XW 4024 DC Under Voltage warning (W 48 )

bohrahsbohrahs Registered Users Posts: 5
Off grid location.

Inverter -- XW 4024
Battery -- 660 Ah flooded

I get a DC Under Voltage warning (W 48 ) whenever I use my microwave in the evenings when the system is not charging.

The SCP starts to beep about 10 seconds into the use and stops after the microwaving is done.

LBCO = 23.2 V
Cable length from the battery to the inverter = 4 ft
cable thickness, d = 12mm
microwave wattage = 1400 w

These are the readings (SCP and Trimetric ) before and during microwave use:

Before:
Voltage -- 24.7 V
Load -- 300 W
Battery Level -- 95%

During:
Voltage -- 23.8 V
Load -- 1727 W
Battery level -- 95%

After:
Voltage -- 24.6 V
Load -- 286 W
Battery level -- 95%

What could be causing this?

Hemendra

Comments

  • CariboocootCariboocoot Banned Posts: 17,615 ✭✭
    Re: XW 4024 DC Under Voltage warning (W 48 )

    Checking the numbers says it should work fine.
    Your battery cables are 4/0 equivalent and only 4 feet long. They should handle 300 hundred Amps.
    The microwave should pull about 58 Amps (1400/24 = 58 ).
    That isn't 10% of the battery capacity either.
    So unless there's huge other loads drawing ...

    I'm thinking your batteries are three parallel strings of 220 Amp hour 6 Volt GC2's?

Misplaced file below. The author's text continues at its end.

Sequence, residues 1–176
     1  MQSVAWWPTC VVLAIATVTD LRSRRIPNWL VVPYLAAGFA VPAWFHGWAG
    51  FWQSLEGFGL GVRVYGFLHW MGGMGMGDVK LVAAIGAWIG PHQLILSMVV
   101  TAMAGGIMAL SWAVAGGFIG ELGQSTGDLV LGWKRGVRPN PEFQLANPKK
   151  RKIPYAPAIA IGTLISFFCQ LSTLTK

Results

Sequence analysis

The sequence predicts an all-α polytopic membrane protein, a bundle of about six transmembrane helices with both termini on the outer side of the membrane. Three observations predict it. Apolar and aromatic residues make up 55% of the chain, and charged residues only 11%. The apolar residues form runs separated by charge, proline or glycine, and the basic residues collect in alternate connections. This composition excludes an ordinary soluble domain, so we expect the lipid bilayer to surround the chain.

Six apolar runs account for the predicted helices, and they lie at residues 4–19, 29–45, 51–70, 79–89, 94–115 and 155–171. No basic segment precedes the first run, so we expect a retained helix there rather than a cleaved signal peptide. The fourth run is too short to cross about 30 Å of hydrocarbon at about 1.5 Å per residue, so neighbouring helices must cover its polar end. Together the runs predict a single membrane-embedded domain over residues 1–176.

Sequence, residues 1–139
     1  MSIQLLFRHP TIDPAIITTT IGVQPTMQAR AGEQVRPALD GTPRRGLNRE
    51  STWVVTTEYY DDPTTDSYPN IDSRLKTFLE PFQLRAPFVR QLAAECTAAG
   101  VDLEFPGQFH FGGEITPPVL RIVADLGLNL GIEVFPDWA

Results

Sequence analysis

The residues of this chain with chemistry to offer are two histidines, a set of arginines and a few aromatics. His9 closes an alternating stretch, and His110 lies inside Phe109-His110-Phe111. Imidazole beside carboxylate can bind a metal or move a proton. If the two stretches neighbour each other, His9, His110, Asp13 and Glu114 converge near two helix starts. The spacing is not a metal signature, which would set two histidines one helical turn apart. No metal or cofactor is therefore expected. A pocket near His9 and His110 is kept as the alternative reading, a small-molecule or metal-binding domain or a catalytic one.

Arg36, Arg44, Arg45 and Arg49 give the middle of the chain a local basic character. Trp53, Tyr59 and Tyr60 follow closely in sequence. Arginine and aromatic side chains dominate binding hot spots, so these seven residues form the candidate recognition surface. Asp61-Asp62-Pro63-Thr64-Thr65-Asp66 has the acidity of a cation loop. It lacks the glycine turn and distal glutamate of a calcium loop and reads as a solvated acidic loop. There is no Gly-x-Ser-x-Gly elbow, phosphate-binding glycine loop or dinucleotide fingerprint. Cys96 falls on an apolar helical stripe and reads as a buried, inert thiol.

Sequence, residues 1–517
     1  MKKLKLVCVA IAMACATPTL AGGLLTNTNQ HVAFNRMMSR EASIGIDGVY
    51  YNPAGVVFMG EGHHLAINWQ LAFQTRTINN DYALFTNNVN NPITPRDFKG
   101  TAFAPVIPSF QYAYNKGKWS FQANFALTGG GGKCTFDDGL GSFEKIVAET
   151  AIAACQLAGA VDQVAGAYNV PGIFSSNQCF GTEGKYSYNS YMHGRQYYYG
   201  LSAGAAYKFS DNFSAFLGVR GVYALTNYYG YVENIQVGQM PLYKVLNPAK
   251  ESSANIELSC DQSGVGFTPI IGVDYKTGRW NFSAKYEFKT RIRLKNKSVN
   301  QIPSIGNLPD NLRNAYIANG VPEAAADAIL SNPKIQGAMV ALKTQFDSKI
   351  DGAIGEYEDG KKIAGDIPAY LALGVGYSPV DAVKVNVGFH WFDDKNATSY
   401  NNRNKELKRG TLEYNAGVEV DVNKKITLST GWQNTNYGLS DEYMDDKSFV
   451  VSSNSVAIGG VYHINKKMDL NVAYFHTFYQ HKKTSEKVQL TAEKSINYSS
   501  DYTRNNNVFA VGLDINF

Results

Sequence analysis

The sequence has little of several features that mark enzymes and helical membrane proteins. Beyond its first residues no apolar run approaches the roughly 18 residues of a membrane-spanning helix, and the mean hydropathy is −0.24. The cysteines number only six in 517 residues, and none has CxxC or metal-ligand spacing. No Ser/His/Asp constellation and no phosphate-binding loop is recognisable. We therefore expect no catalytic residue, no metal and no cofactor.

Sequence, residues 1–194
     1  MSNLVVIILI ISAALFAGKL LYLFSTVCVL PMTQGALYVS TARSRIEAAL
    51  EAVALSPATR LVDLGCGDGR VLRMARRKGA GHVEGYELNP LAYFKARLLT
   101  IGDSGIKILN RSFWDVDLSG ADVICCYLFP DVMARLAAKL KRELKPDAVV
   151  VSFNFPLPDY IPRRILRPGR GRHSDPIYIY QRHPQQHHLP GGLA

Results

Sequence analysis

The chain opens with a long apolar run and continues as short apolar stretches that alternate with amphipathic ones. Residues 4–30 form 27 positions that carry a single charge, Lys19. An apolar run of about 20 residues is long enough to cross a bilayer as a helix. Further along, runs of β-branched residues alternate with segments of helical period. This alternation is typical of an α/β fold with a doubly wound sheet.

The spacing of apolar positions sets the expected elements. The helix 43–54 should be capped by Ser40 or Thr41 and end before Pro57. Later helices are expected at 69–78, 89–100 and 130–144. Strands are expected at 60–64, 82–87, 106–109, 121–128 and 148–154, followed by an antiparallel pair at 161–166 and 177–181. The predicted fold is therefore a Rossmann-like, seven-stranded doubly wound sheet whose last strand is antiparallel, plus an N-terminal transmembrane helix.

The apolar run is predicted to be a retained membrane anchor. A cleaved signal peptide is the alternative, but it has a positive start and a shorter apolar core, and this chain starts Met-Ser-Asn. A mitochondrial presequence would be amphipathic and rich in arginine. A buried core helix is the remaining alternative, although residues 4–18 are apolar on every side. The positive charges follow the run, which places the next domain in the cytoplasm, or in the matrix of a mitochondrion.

This brings up the possibility of high resistance in the wiring of the battery bank: laddered connections, corroded terminals, unequal wiring length. Something like that.

    Have you checked the specific gravity on the batteries to be sure they really are getting fully charged? It is always possible the Trimetric is reading inaccurately. Check the SG first.
  • bohrahsbohrahs Registered Users Posts: 5
    Re: XW 4024 DC Under Voltage warning (W 48 )

    I have twelve 2-volt Volta DC470S/6 in series.

    will check the SG at 100% today.


    Hemendra
    Checking the numbers says it should work fine.
    Your battery cables are 4/0 equivalent and only 4 feet long. They should handle 300 hundred Amps.
    The microwave should pull about 58 Amps (1400/24 = 58 ).
    That isn't 10% of the battery capacity either.
    So unless there's huge other loads drawing ...

    I'm thinking your batteries are three parallel strings of 220 Amp hour 6 Volt GC2's?

    This brings up the possibility of high resistance in the wiring of the battery bank: laddered connections, corroded terminals, unequal wiring length. Something like that.

    Have you checked the specific gravity on the batteries to be sure they really are getting fully charged? It is always possible the Trimetric is reading inaccurately. Check the SG first.
  • BB.BB. Super Moderators, Administrators Posts: 32,608 admin
    Re: XW 4024 DC Under Voltage warning (W 48 )

    If you have a volt meter--Check the voltage of each cell under load, and check the voltage at the input lugs of the inverter.

    The batteries should be able to support ~23.0 volts, and the inverter could have its low voltage cutoff as low as 21.0 volts (allow for up to 2.0 volts drop across wiring--wprse case).